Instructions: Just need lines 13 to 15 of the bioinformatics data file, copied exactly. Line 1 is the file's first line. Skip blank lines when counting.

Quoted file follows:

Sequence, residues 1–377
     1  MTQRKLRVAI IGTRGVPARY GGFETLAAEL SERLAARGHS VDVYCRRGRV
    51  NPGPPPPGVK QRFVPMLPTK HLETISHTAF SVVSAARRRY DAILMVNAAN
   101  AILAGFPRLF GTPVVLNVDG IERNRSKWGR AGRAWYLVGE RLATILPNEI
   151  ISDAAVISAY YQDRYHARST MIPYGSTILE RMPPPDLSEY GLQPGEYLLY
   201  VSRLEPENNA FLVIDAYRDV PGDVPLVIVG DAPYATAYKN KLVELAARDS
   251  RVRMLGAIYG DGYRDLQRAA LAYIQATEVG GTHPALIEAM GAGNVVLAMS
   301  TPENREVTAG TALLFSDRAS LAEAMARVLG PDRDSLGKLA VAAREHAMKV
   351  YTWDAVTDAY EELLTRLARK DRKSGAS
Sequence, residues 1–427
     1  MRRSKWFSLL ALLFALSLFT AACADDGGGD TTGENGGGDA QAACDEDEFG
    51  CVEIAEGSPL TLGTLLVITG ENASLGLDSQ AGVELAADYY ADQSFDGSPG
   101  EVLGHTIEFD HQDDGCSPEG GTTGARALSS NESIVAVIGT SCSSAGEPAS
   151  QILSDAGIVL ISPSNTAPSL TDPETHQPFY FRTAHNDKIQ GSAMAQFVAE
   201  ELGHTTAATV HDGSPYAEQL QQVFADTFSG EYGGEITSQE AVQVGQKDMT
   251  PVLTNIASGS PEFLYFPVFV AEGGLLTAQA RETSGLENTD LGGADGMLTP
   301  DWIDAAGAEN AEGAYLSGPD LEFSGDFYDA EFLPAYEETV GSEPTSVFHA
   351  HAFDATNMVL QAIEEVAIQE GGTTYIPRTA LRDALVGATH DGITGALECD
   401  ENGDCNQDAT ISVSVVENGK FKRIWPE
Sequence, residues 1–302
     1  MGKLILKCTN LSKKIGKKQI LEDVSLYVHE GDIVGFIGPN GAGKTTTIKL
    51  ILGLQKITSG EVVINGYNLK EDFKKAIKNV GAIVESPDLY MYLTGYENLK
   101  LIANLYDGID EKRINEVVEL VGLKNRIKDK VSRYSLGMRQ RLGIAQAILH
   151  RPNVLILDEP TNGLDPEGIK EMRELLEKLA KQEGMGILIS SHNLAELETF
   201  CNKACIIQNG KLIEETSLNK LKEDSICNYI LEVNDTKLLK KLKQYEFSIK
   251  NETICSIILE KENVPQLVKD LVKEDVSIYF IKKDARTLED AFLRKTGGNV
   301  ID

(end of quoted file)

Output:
   101  EVLGHTIEFD HQDDGCSPEG GTTGARALSS NESIVAVIGT SCSSAGEPAS
   151  QILSDAGIVL ISPSNTAPSL TDPETHQPFY FRTAHNDKIQ GSAMAQFVAE
   201  ELGHTTAATV HDGSPYAEQL QQVFADTFSG EYGGEITSQE AVQVGQKDMT